How to solve missing javah in Java 10 – ugly way

In Java 10, there is no longer javah tool. It means, that you can’t extract information regarding native interfaces easily. It’s not that simple to generate header files based on compiled – class – files.

If you desperately need to process lots of class files, you can alway hack through using javap tool. You can create “reduced” source files that will be more than enough for javac to generate headers. It’s not ideal, but in case of “it should be on my desk in 10 minutes” like tasks, it can be your day saver.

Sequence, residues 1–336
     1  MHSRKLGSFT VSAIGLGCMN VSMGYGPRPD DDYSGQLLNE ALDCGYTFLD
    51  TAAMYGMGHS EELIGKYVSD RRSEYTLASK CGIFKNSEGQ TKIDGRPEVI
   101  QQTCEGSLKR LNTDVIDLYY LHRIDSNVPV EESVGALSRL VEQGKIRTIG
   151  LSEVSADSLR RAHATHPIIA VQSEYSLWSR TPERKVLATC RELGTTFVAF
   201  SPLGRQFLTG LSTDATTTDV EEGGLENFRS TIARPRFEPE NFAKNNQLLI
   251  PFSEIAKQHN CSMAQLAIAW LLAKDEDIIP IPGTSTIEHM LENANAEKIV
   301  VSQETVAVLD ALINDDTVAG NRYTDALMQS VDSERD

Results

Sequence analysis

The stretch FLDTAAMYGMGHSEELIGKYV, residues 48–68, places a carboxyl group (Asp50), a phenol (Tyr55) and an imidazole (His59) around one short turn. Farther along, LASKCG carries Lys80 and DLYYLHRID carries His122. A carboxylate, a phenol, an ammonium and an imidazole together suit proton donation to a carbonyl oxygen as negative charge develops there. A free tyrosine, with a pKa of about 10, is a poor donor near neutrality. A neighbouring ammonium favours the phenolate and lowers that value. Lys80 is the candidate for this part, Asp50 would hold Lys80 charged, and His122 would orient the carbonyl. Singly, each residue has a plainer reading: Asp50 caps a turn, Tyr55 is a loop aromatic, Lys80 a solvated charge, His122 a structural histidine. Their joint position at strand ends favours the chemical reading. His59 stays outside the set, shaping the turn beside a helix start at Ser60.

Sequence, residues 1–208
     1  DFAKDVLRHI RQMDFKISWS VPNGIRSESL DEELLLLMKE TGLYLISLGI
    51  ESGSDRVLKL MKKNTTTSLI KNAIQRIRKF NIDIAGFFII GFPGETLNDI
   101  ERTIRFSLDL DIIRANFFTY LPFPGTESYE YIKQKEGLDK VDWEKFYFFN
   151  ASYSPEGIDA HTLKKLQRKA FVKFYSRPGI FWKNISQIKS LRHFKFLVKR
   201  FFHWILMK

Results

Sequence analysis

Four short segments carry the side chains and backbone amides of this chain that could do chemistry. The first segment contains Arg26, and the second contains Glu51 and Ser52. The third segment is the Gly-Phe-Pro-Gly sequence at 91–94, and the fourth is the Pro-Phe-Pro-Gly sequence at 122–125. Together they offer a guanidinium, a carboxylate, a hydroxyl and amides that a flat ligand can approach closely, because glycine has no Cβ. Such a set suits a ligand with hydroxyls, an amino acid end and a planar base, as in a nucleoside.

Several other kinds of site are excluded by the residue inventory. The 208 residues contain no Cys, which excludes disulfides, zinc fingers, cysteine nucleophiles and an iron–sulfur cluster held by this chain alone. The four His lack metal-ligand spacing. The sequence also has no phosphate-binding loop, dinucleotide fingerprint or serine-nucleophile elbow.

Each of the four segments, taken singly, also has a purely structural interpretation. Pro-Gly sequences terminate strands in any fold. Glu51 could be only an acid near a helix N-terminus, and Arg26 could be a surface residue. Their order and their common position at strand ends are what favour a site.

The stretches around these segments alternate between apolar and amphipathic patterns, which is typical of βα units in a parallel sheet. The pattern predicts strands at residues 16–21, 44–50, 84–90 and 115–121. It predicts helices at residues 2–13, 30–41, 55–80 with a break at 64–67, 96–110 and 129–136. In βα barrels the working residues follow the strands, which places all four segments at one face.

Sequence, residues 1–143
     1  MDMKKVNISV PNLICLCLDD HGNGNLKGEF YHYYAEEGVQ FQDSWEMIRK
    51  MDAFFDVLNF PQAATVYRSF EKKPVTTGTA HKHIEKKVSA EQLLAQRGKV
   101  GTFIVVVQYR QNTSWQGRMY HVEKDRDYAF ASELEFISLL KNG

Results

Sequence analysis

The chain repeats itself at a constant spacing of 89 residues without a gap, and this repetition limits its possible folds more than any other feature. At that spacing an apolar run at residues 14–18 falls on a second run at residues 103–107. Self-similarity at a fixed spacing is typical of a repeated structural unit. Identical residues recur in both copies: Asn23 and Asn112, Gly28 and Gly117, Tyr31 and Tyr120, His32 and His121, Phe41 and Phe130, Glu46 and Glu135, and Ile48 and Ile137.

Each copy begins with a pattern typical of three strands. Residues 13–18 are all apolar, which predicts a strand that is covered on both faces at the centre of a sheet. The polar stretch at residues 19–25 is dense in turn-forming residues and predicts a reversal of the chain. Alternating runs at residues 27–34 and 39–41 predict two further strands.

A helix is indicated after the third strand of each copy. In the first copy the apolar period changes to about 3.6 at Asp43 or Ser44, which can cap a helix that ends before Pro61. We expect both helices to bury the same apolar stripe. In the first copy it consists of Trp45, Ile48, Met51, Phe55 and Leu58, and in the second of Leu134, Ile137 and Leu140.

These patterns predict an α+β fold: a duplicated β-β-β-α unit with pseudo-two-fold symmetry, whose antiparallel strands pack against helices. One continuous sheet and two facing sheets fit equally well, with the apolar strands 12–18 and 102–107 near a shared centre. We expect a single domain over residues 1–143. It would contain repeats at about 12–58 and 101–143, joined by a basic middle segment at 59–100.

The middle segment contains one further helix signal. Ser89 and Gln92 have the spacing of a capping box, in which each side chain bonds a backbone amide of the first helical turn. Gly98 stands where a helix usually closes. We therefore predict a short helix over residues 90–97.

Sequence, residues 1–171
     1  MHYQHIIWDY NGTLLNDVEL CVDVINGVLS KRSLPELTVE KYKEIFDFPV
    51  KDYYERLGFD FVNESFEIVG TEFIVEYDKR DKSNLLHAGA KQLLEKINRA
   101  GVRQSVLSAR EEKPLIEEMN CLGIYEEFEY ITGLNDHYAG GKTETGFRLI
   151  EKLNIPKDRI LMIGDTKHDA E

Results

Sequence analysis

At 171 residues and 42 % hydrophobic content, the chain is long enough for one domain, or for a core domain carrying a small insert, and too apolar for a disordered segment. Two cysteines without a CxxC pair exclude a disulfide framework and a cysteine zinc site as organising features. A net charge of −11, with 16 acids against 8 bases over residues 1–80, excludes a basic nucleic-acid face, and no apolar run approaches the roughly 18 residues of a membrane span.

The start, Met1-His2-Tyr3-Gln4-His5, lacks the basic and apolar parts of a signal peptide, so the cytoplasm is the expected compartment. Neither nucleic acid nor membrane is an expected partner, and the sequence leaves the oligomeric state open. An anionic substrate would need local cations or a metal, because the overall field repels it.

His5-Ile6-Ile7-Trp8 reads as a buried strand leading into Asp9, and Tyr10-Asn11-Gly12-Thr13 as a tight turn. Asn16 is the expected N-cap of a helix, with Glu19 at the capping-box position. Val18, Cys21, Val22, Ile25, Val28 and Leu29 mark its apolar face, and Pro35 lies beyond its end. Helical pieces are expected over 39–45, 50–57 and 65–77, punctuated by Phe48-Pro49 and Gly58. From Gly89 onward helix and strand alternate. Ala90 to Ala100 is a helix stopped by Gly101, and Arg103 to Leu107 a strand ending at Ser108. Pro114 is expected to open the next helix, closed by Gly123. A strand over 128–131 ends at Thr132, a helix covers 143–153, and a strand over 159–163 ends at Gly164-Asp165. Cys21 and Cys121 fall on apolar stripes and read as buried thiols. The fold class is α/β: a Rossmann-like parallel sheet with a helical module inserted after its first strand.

Have fun!


# FIRST_ARG - full class name (with package)
# Note! I have a strong assumption that:
#  - native method is declared inside class that is part of package
#  - native method is not declared inside class that is inner class
# SECOND_ARG - class path

CLASS_NAME=`javap -cp $2 $1 | \
  grep -v "Compiled from" | \
  grep "public class" | \
  cut -f3 -d" " | \
  awk -F"." '{ print $NF }'`

PACKAGE_NAME=`javap -cp $2 $1 |i \
  grep -v "Compiled from" | \
  grep "public class" | \
  cut -f3 -d" " | \
  sed s/\.${CLASS_NAME}$//`

DIR_NAME=`echo $PACKAGE_NAME | sed 's|\.|/|g'`
mkdir -p java_jni/${DIR_NAME}


# There are lots of strong assumptions here !!
echo "package ${PACKAGE_NAME};" > ${JAVA_FILE}
echo "public class ${CLASS_NAME} {" >> ${JAVA_FILE}
javap -cp $2 $1 | grep "native" >> ${JAVA_FILE}
echo "}" >> ${JAVA_FILE}

# Now, we can generate header
mkdir -p c_header
javac -h c_header ${JAVA_FILE}

If you are looking for more JNI samples, take a look here: